Andy Sirkin | 12-06-2013
Do HOA decisions need to adhere to any standards?
Each homeowners association decision must adhere to the following standards:
- It must be within the scope of the association’s authority under the governing documents and the law;
- It must be based upon a reasonable investigation; - It must be intended to serve the best interests of the association and the owners as a group;
- It must be made in good faith; and
Additional standards may apply for specific types of decisions such as owner discipline or alteration approvals. Where the association has formally established policies or procedures, they must be uniformly applied and followed. But the fact that the association has permitted or approved a certain activity or alteration by a particular owner at one time does not mean that the association must permit or approve that same activity by the same or a different owner at a later time. In evaluating an association decision for compliance with these standards, the courts will defer to the board’s authority and presumed expertise. Is there a government agency with authority over HOA activities?\ There is no governmental agency with authority to oversee homeowners associations. Association duties and standards must be enforced by owners and lenders through the court system or through some alternative dispute resolution process such as mediation or arbitration.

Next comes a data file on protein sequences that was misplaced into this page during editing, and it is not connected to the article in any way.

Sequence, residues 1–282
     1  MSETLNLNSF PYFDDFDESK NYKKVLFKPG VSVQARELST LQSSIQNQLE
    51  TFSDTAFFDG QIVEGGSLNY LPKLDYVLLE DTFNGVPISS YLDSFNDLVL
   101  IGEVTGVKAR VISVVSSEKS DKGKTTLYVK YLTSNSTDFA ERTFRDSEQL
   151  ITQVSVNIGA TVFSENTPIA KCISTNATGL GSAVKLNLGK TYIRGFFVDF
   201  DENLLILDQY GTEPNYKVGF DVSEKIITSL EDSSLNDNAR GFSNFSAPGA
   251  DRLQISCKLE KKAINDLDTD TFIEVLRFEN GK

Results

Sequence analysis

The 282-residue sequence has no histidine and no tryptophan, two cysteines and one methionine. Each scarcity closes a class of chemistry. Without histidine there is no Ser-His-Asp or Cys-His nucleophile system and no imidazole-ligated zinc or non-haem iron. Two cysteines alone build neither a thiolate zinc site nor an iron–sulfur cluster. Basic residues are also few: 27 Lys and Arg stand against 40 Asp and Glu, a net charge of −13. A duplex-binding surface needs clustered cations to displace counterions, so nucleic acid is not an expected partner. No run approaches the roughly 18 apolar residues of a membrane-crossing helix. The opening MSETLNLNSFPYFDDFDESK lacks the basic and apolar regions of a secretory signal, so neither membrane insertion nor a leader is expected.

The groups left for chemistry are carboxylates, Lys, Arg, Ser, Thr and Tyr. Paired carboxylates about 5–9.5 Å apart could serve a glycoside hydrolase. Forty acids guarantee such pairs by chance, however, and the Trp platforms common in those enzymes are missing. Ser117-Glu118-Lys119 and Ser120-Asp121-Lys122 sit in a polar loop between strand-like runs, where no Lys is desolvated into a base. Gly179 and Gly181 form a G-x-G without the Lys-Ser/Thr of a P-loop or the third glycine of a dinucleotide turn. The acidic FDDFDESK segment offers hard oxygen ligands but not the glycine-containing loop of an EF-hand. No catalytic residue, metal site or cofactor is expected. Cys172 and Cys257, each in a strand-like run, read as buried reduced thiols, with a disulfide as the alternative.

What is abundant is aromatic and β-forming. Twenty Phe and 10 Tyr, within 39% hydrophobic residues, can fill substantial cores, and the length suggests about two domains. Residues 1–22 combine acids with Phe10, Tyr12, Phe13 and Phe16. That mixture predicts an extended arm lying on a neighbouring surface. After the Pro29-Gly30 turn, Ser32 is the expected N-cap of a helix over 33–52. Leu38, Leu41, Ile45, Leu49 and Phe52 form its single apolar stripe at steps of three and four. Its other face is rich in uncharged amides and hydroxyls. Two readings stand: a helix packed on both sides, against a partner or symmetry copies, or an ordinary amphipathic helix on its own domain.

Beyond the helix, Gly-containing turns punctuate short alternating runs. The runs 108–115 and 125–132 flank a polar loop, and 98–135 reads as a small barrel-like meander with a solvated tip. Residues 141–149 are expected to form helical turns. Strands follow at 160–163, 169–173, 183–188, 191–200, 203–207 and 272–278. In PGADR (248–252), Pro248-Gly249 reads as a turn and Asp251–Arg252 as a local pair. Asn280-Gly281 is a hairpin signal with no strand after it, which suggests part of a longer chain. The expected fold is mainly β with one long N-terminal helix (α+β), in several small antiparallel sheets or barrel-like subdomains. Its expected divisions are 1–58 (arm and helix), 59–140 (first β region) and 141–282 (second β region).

How can an owner change or challenge an HOA decision?
The owner should begin by attempting to discuss the matter with the president, a director, committee chair or property manager. If this attempt does not yield satisfactory results, the owner should attend a board meeting or call an owner meeting to discuss the problem with the other owners. If the owner wishes to pursue the matter further, he/she should consult an attorney.
When the HOA needs to get legal advice in order to respond to an owner, can it charge the owner for attorney’s fees?
A homeowner’s association is not entitled to recover its attorneys fees from an owner unless it prevails in a court proceeding or arbitration involving the enforcement of the governing documents.Back to News | View Related Link
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